Skywatchers, get ready: October will have two full moons, and the first will illuminate the sky tomorrow night. What’s more, the Full Harvest Moon is not the only astronomical sight to see further because Mars will also appear nearby.
Why is it called the Full Harvest Moon?
Unlike other full moons, the full harvest moon does not correspond to a specific month. Rather, we call it the nearest full moon to the autumn equinox, which occurred on 22 September. Typically, the full harvest moon occurs in September, but this year it descends in October.
So where did its name come from? According to the Farmer’s Almanac, throughout the year, the moon rises an average of 50 minutes later each day, “but near the autumn equinox, the difference is only 30 minutes.” This means that there is too much moonlight at the beginning of the evening. This natural light helped the farmers Harvesting His crops diminished as daylight.
Video: There will be a light meteor shower in the sky with shooting stars this October – here (travel + rest)
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What can Skywatchers expect to see?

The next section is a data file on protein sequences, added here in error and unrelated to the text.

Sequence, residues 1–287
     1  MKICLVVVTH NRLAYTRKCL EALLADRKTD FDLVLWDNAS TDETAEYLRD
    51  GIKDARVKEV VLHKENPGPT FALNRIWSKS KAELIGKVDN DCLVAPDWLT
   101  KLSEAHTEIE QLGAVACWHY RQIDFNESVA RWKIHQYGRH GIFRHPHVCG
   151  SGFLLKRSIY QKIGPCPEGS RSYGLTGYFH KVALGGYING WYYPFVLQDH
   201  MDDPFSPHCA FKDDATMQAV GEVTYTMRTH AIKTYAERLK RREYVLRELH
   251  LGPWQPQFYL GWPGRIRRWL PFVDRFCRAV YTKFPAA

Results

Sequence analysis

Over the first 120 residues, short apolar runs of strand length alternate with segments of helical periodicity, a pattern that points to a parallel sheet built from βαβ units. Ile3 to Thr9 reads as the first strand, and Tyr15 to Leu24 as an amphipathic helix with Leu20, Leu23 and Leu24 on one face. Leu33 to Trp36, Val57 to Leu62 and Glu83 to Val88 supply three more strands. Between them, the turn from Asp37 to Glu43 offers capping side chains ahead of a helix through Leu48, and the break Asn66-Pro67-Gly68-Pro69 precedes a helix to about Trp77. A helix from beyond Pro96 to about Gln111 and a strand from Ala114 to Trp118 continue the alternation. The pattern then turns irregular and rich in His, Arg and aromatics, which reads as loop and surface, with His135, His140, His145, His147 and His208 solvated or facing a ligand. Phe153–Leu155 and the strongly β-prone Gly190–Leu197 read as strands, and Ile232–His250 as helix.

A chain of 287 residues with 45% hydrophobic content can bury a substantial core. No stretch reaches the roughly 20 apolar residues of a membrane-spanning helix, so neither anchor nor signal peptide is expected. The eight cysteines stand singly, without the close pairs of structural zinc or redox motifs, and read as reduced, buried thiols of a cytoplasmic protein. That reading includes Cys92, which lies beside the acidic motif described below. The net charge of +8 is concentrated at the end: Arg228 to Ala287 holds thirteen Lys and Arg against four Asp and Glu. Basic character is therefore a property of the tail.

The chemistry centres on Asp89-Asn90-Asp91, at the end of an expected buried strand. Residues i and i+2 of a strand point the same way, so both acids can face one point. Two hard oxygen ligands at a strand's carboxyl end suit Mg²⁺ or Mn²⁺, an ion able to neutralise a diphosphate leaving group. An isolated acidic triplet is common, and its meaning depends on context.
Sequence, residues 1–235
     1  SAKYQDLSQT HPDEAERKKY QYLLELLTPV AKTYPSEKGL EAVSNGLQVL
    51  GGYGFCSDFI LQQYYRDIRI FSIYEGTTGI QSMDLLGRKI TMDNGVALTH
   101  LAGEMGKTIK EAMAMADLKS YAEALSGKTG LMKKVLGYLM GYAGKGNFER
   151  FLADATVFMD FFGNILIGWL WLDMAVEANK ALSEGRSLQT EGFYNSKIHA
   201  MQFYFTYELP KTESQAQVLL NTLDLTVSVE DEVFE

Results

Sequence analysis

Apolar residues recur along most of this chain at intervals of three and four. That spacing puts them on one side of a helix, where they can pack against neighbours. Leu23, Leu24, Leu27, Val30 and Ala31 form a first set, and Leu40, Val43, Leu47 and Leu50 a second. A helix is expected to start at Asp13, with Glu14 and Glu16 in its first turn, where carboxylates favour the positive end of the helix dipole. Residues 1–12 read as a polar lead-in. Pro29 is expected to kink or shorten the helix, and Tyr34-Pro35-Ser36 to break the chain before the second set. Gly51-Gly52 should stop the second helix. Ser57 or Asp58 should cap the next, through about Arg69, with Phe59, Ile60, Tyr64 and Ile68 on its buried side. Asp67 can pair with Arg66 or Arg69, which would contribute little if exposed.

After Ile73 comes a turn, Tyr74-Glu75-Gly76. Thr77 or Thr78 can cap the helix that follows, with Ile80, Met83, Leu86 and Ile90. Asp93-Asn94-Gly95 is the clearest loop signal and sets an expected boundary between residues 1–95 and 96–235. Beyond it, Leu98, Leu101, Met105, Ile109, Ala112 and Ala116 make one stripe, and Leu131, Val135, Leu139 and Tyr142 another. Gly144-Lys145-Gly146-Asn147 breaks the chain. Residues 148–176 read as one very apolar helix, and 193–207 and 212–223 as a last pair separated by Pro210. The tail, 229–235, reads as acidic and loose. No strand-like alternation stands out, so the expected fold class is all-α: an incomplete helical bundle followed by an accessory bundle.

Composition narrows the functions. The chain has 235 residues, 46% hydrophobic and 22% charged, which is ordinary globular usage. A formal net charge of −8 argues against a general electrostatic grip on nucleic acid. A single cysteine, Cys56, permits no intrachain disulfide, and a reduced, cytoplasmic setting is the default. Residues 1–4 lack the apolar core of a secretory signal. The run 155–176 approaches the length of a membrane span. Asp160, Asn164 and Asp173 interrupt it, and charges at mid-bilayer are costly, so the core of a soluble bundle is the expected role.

While this year’s Full Harvest Moon will be the second smallest full moon of the year, according to Prithvski, if you see it shortly after the sun rises it will appear larger, brighter and more orange than full moons. After sunset, the full Harvest Moon will be near the horizon, making it appear larger thanks to the Moon illusion. Basically, since you can compare it to familiar visual references (trees, mountains, etc.), it will look huge.
When is the best time to see the first full moon of the fall?
Full Harvest Rises on the Moon Thursday, October 1, And it will reach its peak EDT at 5:05 pmAccording to the Kisan Panchang. So be sure to look towards the horizon around sunset. What better way to kick off October?